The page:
Alternatively, if a function has already been assigned a name, we can also use the **prime notation** to denote its derivative function (as in $f'(x)$). Apart from being easy to implement, the prime notation also has the advantage of being able to refer to *higher derivatives* by simply adding a few extra $’$ (e.g., $g”$), which — comparing to the repeated use of $\dfrac{d}{dx}$ — is definitely a plus to have.

Of course, if Desmos is good with the derivative functions, then it shouldn’t a surprise that it also supports the **integral functions** as well. For the record, the integral operator symbol $\int$ can be obtained by typing `int`

into the command line, after which you will have use the *arrow keys* to navigate around the **lower/upper limits** and the **integrand**.

A note of caution though: when setting up an integral function — especially the ones involving *multiple* integral operators — you want to take that extra care to make sure that the *variable of integration* is different from the variable(s) in the limits. In doing so, you are in effect removing yourself from the need of *punching* Desmos for real, in case the expression doesn’t turn out to be exactly *Desmos-interpretable*. 🙂

To define a **piecewise function** in Desmos, we can use the following syntax on a command line:

\begin{align*} y \ (\text{or }x) = \{ \text{condition 1}: \text{definition 1}, \text{condition 2}: \text{definition 2}, \ldots \} \end{align*}

As with other functions, a piecewise function can also be given a name by simply replacing the *leftmost* variable with the name of the function. This way, we can recycle the function repeatedly without having to redefine it ever again.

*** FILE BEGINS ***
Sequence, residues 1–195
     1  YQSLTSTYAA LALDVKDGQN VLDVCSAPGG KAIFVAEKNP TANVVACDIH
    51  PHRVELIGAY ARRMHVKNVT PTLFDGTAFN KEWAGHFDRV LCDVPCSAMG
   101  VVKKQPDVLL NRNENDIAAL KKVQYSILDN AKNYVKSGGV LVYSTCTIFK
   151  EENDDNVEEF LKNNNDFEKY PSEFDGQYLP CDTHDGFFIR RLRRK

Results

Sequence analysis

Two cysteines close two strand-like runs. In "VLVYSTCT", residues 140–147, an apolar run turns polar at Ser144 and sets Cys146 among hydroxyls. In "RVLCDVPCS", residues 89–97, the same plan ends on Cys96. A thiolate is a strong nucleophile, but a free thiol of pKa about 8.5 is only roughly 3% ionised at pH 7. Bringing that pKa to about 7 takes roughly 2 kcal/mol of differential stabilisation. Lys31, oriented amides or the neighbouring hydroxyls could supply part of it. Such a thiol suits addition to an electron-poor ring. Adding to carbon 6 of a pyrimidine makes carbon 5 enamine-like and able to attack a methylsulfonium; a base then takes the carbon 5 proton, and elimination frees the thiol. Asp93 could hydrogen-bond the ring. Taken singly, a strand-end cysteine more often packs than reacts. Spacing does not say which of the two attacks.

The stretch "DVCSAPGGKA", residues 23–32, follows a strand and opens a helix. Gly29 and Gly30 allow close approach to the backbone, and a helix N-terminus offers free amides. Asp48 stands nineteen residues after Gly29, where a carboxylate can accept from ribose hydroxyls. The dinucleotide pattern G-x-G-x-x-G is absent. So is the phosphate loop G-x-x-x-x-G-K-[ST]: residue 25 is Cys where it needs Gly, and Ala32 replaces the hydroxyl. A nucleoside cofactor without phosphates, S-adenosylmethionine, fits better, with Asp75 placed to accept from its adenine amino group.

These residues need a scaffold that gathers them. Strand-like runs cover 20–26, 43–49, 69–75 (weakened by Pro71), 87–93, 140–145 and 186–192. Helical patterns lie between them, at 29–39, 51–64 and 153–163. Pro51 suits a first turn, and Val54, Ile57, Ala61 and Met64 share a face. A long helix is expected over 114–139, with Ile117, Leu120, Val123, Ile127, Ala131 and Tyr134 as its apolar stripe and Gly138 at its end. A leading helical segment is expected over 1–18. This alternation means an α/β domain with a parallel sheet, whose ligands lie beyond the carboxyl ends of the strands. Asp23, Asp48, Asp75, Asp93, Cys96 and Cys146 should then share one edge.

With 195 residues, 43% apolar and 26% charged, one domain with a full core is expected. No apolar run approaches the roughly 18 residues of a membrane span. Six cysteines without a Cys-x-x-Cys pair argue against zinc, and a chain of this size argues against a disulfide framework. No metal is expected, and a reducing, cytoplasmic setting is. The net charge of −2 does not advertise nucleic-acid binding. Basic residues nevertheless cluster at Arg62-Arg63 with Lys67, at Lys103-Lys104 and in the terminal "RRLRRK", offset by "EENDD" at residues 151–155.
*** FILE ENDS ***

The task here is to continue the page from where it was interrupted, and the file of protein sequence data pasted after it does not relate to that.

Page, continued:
For example, let’s say that we are interested in defining the function $f$ as the **sign function**. That is:

\begin{align*} f(x) = \begin{cases} -1 & x<0 \\ 0 & x=0 \\ 1 & x>0 \end{cases} \end{align*}

then this would be the expression we want to type into the command line:

\begin{align*} f(x)=\left\{x<0:-1, x=0:0, x>0:1\right\} \end{align*}

which should produce the following figure:

In some occasions, it might be necessary to use the $\le$ and $\ge$ symbols to define a function accurately. In which case, just know that the $\le$ symbol can be obtained by typing out `<`

and `=`

in that order, and the $\ge$ symbol by typing out `>`

and `=`

, again in that order.

Since Desmos has its interface in **Cartesian coordinates** by default, it’s only natural that one would use it to plot equations expressed in terms of $x$ and $y$. In fact, **implicit functions** such as that of a **circle**, an **ellipse** or a **hyperbola** are all very good candidates for this.

However, what is less clear is that Desmos can also interpret **parametric equations** as well, provided that we type in the equations for $x$ and $y$ as if they were the coordinates of the points instead (as in $(2\cos t, 3 \sin t)$ ), and that the variable $t$ — the **designated variable** for parametric equations in Desmos — is used throughout the expression. For some reason, Desmos simply won’t take any other variable such as $x$ or $\theta$ for this purpose.